Obesity is a multi-factorial disorder, which is often associated with many other significant diseases such as diabetes, hypertension and other cardiovascular diseases, osteoarthritis and certain cancers. The management of obesity will therefore require a comprehensive range of strategies focussing on those with existing weight problems and also on those at high risk of developing obesity. Hence, prevention of obesity during childhood should be considered a priority, as there is a risk of persistence to adulthood. This article highlights various preventive aspects and treatment procedures of obesity with special emphasis on the latest research manifolds.

Obesity can be described as the “New World Syndrome”. Its prevalence is on continuous rise in all age groups of many of the developed countries in the world. Statistical data reveals that the problem of obesity has increased from 12–20% in men and from 16–25% in women over the last ten years [1]. Recent studies suggest that nearly 15–20% of the middle aged European population are obese [2] and that in USA alone it is responsible for as many as 3,00,000 premature deaths each year [3]. Obese patients have been associated with increased risk of morbidity and mortality relative to those with ideal body weight [4]. Even modest weight reduction in the range of 5–10% of the initial body weight is associated with significant improvements in a wide range of co-morbid conditions [59]. Obesity, which was once viewed as the result of lack of will power, or a lifestyle “choice” – the choice to overeat and under exercise, is now being considered more appropriately by the modern world as a chronic disease, which requires effective strategies for its management.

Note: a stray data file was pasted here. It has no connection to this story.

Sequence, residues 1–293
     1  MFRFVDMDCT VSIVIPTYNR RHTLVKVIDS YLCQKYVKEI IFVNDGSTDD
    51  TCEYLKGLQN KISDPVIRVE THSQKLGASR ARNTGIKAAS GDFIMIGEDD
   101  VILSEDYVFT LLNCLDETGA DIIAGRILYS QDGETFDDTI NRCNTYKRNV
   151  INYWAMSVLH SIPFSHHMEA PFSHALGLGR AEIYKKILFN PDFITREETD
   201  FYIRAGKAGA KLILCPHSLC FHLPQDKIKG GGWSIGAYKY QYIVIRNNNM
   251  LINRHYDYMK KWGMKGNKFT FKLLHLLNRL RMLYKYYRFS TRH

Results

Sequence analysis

Obesity, in simple terms, may be defined as a state of imbalance between calories ingested versus calories expended which would lead to excessive or abnormal fat accumulation. Body Mass Index (BMI) is a measure of weight corrected for height and which reflects the total body fat and has been the most accepted parameter for defining over weight [10].

Optimal BMI increases with age. WHO also classified over weight according to BMI [11]. There is a very good correlation between BMI and the percentage of body fat in large populations.

Percent Body fat = 1.2 (BMI) + 0.23 (age) – 10.8 (gender) – 5.4

Where gender = ‘1’ for men and ‘0’ for women.

It follows from this equation that for a given height and weight, the percentage of body fat is about 10% higher in women compared to men. The reason for this could be that in women, the excess body fat is usually distributed as subcutaneous fat and is mainly peripheral (thighs, buttocks, breasts) where as in men there is a relative excess of body fat stored in abdominal cavity as abdominal subcutaneous fat.

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